My mother used to say she’d go to a nursing home when she needed one, although now it’s a whole different story; it’s a taboo subject. If I try to discuss the future with her, we don’t get anywhere. I need to leave my country soon (as many are doing throughout southern Europe to find work) and I ask when are the governments going to start helping adult children and face the issue that many seniors need to make arrangements for their future? Many of these elderly, like my mother, are still perfectly capable of making decisions. But nothing worth considering is being offered to them. You’d have thought that investors would gather around this new demographic reality and together with the government start promoting co-housing options. What we’re currently witnessing is that everyone is brushing the dirt under the rug and preferring to anticipate more babies, when what we’re really giving birth to, as a society, is millions of eventually aging citizens who may not have anyone to care for them.
I’m in my mid 30s and my husband is in his early 40s. Even if we did want children, we would not be able to afford them. If you consider that most of my friends who went to university are currently in the same predicament as we are (long periods of unemployment, low-paid jobs and therefore no stability) … how can we look after the elderly? I’ll still have a mortgage to pay when I get to the age of 70. My mother was financially independent in her 30s and retired at 55. My friends who have stable jobs barely make it to the end of the month with money in the bank, thanks to the high cost of living. How can my generation, and the one that’s right behind, care for the elderly when they have to work to survive? (Not to get rich… to survive). Most countries support parents with children to raise. But for adults who need to support their parents, there is no such assistance.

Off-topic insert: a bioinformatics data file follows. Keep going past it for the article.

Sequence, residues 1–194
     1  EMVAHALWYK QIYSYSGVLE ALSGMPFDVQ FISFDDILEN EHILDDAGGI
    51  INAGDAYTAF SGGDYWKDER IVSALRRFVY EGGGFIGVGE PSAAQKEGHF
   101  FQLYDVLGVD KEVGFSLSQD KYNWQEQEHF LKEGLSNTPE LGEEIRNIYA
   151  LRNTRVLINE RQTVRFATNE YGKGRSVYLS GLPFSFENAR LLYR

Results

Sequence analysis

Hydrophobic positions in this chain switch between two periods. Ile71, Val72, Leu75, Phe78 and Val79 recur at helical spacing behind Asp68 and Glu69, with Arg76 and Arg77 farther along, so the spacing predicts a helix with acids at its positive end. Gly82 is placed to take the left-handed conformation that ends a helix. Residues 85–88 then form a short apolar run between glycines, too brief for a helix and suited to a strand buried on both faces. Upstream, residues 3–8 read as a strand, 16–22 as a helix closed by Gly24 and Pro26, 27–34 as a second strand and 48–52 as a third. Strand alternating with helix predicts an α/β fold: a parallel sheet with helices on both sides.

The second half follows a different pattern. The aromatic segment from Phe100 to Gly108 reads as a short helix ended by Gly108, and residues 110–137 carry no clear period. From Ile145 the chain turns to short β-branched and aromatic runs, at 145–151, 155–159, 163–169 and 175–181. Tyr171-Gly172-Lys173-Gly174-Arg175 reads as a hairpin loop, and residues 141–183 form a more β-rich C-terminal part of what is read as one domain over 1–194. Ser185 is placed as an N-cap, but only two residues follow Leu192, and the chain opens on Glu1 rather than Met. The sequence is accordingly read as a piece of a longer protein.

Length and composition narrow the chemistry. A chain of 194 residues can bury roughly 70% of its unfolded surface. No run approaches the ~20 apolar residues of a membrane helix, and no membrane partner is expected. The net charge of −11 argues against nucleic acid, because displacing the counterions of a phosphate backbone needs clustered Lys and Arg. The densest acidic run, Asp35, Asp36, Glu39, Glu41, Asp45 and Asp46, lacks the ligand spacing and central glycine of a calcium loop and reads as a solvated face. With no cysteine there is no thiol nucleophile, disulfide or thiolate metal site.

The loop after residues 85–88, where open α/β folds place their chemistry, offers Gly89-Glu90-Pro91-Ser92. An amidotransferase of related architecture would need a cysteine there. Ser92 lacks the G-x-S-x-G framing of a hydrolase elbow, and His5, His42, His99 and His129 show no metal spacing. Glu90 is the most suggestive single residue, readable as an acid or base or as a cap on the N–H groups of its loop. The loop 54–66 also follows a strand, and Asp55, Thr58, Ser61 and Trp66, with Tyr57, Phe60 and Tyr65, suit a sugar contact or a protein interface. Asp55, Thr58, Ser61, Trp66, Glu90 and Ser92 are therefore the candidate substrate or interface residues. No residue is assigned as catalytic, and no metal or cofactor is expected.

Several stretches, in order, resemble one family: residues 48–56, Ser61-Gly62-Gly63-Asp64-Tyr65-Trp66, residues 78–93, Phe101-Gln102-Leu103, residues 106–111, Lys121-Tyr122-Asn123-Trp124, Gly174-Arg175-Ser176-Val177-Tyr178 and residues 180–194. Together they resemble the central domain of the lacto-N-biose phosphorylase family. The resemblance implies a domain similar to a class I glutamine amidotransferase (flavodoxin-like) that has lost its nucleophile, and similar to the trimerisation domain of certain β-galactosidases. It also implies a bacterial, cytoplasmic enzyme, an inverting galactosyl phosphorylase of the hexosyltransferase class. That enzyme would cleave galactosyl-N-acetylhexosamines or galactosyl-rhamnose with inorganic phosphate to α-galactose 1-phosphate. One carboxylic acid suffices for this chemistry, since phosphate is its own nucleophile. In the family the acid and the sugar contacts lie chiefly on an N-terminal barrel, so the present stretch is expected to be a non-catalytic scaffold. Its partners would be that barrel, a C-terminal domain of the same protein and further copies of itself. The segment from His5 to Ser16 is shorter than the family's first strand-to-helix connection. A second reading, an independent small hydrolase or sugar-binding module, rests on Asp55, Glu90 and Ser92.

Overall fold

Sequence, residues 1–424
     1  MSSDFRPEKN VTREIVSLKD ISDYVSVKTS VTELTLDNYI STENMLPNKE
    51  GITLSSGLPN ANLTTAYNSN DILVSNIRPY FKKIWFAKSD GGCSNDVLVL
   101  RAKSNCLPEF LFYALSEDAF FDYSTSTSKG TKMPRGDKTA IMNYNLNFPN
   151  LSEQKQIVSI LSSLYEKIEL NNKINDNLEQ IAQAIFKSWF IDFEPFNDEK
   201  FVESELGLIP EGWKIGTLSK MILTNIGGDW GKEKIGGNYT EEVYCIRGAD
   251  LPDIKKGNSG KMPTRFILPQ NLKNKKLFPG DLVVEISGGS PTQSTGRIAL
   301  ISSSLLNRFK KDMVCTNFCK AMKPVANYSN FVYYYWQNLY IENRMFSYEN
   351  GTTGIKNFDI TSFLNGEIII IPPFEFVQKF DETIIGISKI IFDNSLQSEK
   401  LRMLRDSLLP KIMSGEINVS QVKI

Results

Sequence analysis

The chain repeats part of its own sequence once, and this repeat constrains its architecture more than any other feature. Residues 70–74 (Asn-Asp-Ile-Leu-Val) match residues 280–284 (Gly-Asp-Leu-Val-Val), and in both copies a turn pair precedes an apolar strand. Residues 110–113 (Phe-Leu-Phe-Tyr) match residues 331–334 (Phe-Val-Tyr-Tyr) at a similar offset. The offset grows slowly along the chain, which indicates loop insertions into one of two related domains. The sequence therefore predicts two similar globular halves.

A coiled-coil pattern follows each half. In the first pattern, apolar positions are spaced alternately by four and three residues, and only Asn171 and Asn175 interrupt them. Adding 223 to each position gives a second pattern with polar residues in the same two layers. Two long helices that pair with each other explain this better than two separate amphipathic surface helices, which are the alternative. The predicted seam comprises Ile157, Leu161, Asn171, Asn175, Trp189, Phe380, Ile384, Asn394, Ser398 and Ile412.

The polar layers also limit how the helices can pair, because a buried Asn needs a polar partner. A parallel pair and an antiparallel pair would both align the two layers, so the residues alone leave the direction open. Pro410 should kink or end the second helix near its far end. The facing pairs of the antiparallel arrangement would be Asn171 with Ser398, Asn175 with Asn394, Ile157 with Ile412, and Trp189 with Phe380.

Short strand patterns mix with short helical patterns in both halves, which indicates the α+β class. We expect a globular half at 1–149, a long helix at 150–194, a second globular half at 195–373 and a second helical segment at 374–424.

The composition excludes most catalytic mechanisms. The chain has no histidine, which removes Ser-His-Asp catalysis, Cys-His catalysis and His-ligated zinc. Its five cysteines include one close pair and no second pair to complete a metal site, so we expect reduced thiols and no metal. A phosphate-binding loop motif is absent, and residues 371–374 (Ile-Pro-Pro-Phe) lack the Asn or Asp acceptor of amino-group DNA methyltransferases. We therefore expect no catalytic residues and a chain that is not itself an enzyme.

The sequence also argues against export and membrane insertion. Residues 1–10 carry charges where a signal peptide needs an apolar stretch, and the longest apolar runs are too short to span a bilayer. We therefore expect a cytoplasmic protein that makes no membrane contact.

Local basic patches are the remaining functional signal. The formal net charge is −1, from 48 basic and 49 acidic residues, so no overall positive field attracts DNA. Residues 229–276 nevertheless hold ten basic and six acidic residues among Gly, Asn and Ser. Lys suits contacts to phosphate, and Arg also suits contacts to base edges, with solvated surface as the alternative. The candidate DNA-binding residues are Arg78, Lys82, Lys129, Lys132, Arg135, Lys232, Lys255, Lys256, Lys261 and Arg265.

Many of the elderly continue to enjoy their lives into their 90s. I know many who do and who don’t expect to live with their respective families. But even they are not really planning for the day when they can no longer be independent. I am sure these elderly would, if only there were choices presented to them.
There are currently only two senior villages (as we call them) in my country, where the elderly can still have their own homes, cook, clean and have assisted care if they need to. The advantage is that they can have their family over to visit anytime, unlike what happens in care homes. Unfortunately no other projects have emerged. Wouldn’t this be good for the economy? It could create jobs. Healthier people in old age have fewer health issues and are less of a burden on national health, surely? Plus, their children are free to pursue their lives.
I can’t imagine anything more unethical than expecting people to breed for the sake of economics and to ensure their own care in old age.